Prioritizing Your Appliances

Your Microwave – The One Appliance To Never Try DIY Repairs

Many people love to try to save a little cash by hitting the web and searching for DIY instructions to make repairs to the appliances that they rely on each day. One appliance that you should always leave repairs to the professionals is the microwave. So, if you can't do the repair work yourself, what can you do to extend the life of your microwave and use it more efficiently? Here, you'll learn just that.

Why isn't it a good idea to repair your own microwave?

Simply put, there is a good chance that you'll shock the snot out of yourself! Inside the microwave is a small unit – the capacitor. This capacitor holds an electrical charge even after the microwave is unplugged. If you aren't trained in appliance repair, you could touch the wrong element with a screwdriver and get the shock of your life. This is not a little zap to worry about – the unit carries enough voltage to potentially kill you.

What can you do to extend the life of your microwave?

Really, the only thing you can do is keep it clean and do it right. Don't use household cleaners inside the microwave. It won't cause any damage, but it can expose the food that you cook inside to become contaminated with chemicals as it cooks.

To clean the microwave, all you need is a mug, water, and a clean cloth or some paper towels. Fill the mug with water, put it in the microwave and cook it for about 2 minutes. Let the mug sit in the closed microwave for about 10 minutes. The steam from the water in the mug will soften any food that's been cooked onto the surfaces in the microwave and make it easy to just wipe it all away.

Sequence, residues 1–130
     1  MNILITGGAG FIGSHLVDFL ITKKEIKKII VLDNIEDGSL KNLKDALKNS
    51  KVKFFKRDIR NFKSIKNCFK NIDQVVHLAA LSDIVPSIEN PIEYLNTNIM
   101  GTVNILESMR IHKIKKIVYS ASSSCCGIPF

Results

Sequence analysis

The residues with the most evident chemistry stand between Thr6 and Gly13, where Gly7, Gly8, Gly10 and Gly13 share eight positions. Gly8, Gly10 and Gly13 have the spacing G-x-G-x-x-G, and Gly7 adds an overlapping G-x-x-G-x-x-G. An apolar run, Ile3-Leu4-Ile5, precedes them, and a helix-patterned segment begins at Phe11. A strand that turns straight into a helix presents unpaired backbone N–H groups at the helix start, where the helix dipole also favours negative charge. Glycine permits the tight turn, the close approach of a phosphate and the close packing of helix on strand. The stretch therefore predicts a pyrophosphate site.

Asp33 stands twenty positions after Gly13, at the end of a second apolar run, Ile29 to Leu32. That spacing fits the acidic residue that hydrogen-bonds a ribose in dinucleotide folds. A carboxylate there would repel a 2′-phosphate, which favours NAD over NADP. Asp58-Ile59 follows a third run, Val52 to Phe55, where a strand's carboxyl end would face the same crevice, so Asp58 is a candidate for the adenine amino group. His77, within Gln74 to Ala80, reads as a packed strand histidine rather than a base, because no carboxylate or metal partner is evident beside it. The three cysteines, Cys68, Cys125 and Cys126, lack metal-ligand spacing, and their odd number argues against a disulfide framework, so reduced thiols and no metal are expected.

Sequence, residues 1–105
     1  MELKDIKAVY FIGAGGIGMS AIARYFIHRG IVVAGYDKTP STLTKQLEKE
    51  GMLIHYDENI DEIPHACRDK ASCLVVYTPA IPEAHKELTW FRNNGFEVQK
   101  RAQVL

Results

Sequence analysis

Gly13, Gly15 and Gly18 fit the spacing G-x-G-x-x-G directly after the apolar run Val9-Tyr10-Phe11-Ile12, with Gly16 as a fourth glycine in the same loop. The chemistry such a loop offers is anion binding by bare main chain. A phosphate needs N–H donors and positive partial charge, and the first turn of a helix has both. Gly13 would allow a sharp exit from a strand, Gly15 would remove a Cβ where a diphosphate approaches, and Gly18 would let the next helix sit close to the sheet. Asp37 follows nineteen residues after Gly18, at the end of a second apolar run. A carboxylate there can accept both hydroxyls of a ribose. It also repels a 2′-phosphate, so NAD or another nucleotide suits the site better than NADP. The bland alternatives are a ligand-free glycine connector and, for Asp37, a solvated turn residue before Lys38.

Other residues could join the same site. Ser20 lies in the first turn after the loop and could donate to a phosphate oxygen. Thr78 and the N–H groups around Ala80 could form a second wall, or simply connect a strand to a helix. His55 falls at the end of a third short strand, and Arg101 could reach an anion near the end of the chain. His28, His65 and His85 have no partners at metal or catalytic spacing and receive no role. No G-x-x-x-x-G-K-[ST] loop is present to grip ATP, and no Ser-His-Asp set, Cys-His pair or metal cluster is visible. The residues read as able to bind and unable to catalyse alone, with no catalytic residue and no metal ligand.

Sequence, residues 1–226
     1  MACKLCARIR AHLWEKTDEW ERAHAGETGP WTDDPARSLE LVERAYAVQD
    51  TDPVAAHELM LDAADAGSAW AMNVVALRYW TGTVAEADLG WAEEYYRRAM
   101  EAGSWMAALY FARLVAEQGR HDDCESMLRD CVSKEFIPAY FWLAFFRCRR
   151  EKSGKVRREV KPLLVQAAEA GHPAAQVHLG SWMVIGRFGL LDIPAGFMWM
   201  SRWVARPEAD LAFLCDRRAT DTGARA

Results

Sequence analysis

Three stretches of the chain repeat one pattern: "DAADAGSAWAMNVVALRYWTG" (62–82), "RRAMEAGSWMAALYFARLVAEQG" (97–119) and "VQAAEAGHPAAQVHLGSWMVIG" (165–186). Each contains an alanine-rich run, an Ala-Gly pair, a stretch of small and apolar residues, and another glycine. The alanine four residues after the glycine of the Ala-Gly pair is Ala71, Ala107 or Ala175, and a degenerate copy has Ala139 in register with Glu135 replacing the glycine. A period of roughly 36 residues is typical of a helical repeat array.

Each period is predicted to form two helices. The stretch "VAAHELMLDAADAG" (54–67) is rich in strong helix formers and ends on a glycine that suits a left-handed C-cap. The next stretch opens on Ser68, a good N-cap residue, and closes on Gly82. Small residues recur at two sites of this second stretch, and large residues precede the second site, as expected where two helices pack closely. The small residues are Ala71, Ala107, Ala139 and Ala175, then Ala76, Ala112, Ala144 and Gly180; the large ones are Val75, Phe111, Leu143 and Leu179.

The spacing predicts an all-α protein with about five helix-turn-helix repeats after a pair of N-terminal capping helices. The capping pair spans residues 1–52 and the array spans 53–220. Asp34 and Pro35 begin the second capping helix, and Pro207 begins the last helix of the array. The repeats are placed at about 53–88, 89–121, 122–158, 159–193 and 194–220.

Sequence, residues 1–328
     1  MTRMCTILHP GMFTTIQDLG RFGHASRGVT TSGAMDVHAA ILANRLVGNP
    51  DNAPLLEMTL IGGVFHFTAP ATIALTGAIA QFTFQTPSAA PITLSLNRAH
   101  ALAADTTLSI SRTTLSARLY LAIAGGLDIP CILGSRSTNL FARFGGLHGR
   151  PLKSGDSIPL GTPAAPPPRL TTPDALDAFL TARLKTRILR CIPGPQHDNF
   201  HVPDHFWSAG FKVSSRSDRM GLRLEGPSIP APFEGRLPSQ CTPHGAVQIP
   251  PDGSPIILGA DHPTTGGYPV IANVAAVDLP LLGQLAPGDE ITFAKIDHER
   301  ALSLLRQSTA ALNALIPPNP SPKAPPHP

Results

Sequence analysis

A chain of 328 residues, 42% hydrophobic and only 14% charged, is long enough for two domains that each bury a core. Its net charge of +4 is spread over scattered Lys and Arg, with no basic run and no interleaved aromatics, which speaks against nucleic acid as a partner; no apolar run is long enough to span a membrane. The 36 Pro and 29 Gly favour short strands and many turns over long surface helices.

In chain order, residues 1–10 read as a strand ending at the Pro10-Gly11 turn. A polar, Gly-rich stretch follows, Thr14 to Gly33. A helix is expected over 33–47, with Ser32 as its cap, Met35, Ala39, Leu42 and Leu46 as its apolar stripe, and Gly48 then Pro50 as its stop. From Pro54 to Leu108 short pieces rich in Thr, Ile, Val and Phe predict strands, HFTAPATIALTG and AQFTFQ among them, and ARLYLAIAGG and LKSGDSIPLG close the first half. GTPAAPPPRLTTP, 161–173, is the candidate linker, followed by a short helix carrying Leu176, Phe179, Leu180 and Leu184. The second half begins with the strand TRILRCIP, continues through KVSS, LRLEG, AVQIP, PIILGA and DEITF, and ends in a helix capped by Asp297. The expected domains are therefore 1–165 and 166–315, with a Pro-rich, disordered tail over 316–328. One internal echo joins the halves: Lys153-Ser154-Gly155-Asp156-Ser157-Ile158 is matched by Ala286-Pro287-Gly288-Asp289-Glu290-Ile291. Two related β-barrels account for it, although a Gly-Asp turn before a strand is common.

Another thing to remember is that the microwave needs air when it's running. Do not store anything on top of or beside your microwave. Reducing the air circulation will reduce the life expectancy of the machine.

Cook efficiently! How you cook your food will have an impact on the life of your microwave. Use the power settings on the microwave to reduce the power when reheating meals. Cooking the meals slower and longer will reduce the chances of the food turning into rubber and splattering a mess through the microwave. Allow the food to rest inside the closed microwave for two or three minutes after it is done cooking so that the heat distributes the food evenly.

If you're having trouble with your microwave, talk with your local microwave repair technician. He or she may be able to make the repairs quickly and get you cooking again in no time.